The Difference Between Share and NTFS Permissions

The Difference Between Share and NTFS Permissions

Last week when I wrote about managing privileged accounts, I knew I had to write about share and NTFS permissions.

Understanding the difference is critical to sharing local resources with others on the network.  They function completely separate from each other but serve the same purpose – preventing unauthorized access.


When you share a folder and want to set the permissions for that folder – that’s a share. Essentially, share permissions determine the type of access others have to the shared folder across the network.

To see what kind of permissions you will be extending when you share a folder

  • Right click on the folder
  • Go to “Properties”
  • Click on the “Sharing” tab
  • Click on “Advanced Sharing…”
  • Click on “Permissions”

And you’ll navigate to this window:


You can see, there are three types of share permissions: Full Control, Change, and Read.

  1. Full control – enables users to “read,” “change,” as well as edit permissions and take ownership of files.
  2. Change –  means that user can read/execute/write/delete folders/files within share
  3. Read – allows users to view the folder’s contents

A Caveat on Share Permissions

Sometimes, when you have multiple shares on a server which are nested beneath each other, permissions can get complicated and messy.

For instance, if you have a “Read” folder in a subfolder share permission but then someone creates a “Modify” share permission above it at a higher root, you may have people getting higher levels of access then you intend.  For more on downsides using only share permissions, click here.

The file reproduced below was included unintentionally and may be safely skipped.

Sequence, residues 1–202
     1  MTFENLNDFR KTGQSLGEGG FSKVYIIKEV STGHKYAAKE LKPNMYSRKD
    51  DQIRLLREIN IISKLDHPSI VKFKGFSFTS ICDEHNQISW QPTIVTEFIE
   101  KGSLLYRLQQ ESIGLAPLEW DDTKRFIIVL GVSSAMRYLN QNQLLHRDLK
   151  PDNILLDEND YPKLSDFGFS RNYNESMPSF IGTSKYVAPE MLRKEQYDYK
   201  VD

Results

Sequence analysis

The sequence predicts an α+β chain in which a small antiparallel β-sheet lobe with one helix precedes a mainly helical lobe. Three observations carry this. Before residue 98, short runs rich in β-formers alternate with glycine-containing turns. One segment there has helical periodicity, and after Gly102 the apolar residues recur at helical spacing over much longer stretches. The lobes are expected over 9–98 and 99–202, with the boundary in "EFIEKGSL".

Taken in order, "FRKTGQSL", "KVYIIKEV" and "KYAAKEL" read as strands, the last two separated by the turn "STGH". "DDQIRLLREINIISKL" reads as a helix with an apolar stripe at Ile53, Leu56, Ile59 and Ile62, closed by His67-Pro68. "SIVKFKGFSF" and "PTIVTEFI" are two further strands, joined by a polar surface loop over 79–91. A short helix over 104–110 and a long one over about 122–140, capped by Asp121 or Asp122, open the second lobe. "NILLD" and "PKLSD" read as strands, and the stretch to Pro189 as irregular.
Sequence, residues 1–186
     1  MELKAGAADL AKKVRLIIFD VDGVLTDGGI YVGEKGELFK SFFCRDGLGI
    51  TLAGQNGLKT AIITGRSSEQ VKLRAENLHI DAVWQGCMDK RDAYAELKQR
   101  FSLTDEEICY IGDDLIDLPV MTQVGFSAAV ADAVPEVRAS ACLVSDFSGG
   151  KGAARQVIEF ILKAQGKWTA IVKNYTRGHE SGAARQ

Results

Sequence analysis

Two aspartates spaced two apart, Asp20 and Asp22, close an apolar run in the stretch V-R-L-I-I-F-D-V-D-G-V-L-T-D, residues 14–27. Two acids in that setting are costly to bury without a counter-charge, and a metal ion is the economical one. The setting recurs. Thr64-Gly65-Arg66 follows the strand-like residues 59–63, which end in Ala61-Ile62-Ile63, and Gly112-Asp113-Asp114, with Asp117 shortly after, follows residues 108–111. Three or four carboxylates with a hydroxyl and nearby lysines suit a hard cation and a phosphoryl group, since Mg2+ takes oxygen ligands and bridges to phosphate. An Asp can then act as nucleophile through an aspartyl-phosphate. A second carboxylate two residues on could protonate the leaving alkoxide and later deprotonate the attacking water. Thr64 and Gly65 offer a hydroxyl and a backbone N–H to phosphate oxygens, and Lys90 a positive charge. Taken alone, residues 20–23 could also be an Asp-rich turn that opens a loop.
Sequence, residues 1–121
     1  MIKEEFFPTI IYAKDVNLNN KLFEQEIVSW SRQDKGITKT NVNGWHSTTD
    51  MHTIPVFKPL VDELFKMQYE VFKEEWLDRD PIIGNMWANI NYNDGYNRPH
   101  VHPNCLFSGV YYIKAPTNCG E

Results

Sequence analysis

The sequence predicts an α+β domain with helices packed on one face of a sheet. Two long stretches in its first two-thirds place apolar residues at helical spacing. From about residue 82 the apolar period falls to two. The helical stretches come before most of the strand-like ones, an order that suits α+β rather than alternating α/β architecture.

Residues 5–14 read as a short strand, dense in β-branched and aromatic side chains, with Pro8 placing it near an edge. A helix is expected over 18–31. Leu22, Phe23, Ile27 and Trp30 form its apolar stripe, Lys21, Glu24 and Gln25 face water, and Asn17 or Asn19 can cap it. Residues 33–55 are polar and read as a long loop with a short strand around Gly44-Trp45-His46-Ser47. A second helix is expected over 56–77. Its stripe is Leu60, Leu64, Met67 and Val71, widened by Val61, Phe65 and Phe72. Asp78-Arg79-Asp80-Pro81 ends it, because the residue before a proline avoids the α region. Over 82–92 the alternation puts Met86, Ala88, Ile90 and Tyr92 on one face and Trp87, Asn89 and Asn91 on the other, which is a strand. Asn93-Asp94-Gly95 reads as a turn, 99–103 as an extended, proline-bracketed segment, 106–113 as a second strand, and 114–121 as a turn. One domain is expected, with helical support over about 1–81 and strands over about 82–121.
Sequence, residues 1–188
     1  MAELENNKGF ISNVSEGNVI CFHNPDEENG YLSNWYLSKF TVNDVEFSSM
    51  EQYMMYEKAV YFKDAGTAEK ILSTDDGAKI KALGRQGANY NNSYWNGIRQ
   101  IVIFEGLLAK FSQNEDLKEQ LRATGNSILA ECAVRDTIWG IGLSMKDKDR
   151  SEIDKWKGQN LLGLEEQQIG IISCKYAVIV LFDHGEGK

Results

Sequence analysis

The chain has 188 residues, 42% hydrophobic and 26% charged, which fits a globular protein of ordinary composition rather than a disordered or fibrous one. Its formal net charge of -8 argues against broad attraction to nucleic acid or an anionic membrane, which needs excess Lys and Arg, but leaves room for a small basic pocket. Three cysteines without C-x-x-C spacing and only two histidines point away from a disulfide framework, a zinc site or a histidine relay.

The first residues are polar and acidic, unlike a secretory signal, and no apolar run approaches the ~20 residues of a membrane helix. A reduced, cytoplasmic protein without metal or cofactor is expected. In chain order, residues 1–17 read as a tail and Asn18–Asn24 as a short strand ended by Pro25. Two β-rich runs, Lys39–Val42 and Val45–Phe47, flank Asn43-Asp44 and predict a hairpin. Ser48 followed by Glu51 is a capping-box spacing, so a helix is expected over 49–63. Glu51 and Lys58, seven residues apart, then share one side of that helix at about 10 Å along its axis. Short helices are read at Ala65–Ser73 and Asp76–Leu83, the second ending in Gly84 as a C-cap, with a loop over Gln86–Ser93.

There’s a way around this, which I’ll get to below. But first, let’s talk about NTFS permissions.


NTFS permissions determine who has access to files and folders. To see what kind of permissions you will be extending when you share a file or folder:

  • Right click on the file/folder
  • Go to “Properties”
  • Click on the “Security” tab

And you’ll navigate to this window:


Unlike share permissions, NTFS offer a few more permissions besides Full Control, Change, and Read that can be set for groups or individually.

  1. Full control: allows users to read, write, change, and delete files and subfolders.  In addition, users can change permissions settings for all files and subdirectories.
  2. Modify: allows users to read and write of files and subfolders; also allows deletion of the folder
  3. Read & execute: allows users to view and run executable files, including scripts.
  4. List folder contents: Permits viewing and listing of files and subfolders as well as executing of files; inherited by folders only
  5. Read: allows users to view the folder and subfolder contents
  6. Write: allows users to add files and subfolders, allows you to write to a file.

When Share and NTFS Permissions Mingle

When you’re configuring security, a common question is, what happens when share and NTFS permissions interact with each other?

When you are using share and NTFS permissions together, the most restrictive permission, wins.

Consider the following examples:

If the share permissions are “Read”, NTFS permissions are “Full control”, when a user accesses the file on the share, they will be given “Read” permission.


If the share permissions are “Full Control”, NTFS permissions are “Read”, when a user accesses the file on the share, they will still be given a “Read” permission.


Best Practice: Managing Share and NTFS Permissions

If you find working with two separate sets of permissions to be too complicated or time consuming to manage, you can switch to using only NTFS permissions.

When you look at the examples above, with just three types of permissions setting, shared folder permissions provide limited security for your folders. Therefore, you gain the greatest flexibility by using NTFS permissions to control access to shared folders.

Moreover, NTFS permissions apply whether the resource is accessed locally or over the network.

To do this, change the share permissions for the folder to “Full Control.”

You can then make whatever changes you want to the NTFS permissions without having to worry about the share permissions interfering with your changes.

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